Thanks to the unexpected pushback against Indiana’s so-called religious freedom bill last month, which caught everybody, especially Indiana Governor Mike Pence, by surprise, religious freedom restoration acts are now the subject of public scrutiny.

It was almost too late. The federal RFRA was signed into law in 1993 by then-President Bill Clinton, in response to a Supreme Court decision leaving religious minorities vulnerable to federal laws. The RFRA was an example of Clinton’s patented triangulation, which also gave us the Defense of Marriage Act and don’t ask, don’t tell, though this one has been arguably less damaging.

Because the law only covered federal policy, states have slowly enacted their own RFRAs over the past 20 years, and unlike the other laws on this list, there was nothing particularly conservative or pandering about them: one of the first examples was passed in Connecticut, not exactly Alabama.

But in recent years the RFRAs have gotten nastier (see Kansas) as right-wing lawmakers have realized that “religious freedom” laws could be used as cover for discrimination against gays and lesbians. The salutary spread of gay marriage legalization created a new space of conflicts—the wedding business—and gave legislators all the inspiration they needed to come screaming to the defense of what they call religious persecution.

When the RFRAs pass in states that don’t have anti-discrimination protections for gays and lesbians (as, for instance, Connecticut does), they become effectively weaponized. For instance, earlier this year in Michigan the state considered a bill that would allow doctors and EMTs to refuse to treat gay patients over religious objections.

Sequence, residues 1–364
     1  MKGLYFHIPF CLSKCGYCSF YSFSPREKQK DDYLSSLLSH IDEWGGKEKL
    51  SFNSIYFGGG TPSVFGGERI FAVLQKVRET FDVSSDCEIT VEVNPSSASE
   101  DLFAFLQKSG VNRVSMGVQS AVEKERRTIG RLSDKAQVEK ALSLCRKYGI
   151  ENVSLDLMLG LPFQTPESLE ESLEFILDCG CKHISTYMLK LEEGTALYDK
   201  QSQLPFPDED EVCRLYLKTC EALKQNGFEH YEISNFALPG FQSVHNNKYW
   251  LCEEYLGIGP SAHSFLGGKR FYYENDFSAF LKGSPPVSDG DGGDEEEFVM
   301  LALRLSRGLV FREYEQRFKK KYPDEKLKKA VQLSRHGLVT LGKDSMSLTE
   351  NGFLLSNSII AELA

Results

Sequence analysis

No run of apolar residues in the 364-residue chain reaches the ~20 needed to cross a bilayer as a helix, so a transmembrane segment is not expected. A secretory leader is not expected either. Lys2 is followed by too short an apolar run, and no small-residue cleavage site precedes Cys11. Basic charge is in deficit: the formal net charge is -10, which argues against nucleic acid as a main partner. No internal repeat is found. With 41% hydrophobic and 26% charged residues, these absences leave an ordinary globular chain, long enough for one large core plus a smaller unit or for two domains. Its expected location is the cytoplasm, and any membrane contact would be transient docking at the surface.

The bills are so egregious that criticism, largely from the business community, forced the legislatures of Indiana and Arkansas to scramble for a fix. Indiana lacked (and refused to provide) protections for LGBT citizens; Arkansas had gone further and passed a state law superseding city ordinances protecting gays and lesbians. Both ended up explicitly stating that the bills could not be used to discriminate against LGBT citizens, getting close to providing gays and lesbians with more protections than before the bills were passed.

Not learning the lesson, Louisiana is still considering a similar bill that would allow someone in the wedding industry carte blanche to refuse service to gay couples. IBM is now warning the state to make similar changes to the bill as Arkansas and Indiana did, or risk losing business and investment—which, as you could probably tell from the desperation over its school system, is all the state has going for it.

Evan McMurry is a political editor at Mediaite, interviews editor at Newfound: An Inquiry of Place, a regular reviewer at Bookslut, and the founding editor of A Flea In The Fur of the Beast. Find him on Twitter or contact him at evanmcmurry@yahoo.com.

 

See: http://www.alternet.org/tea-party-and-right/4-ways-lawmakers-still-grovel-christian-right-even-right-wing-religion-declines?akid=13030.123424.v6kLP6&rd=1&src=newsletter1035255&t=3

Why The Ongoing RFRA Battle Is About Far More Than Wedding Cakes

Source: ReligionDispatches

Author: Sarah Posner

Emphasis Mine

Now that both Indiana and Arkansas have enacted their Religious Freedom Restorations Acts, with each altered in response to an unprecedented and swift-moving opposition, it’s worth taking a look at what the landscape looks like going forward.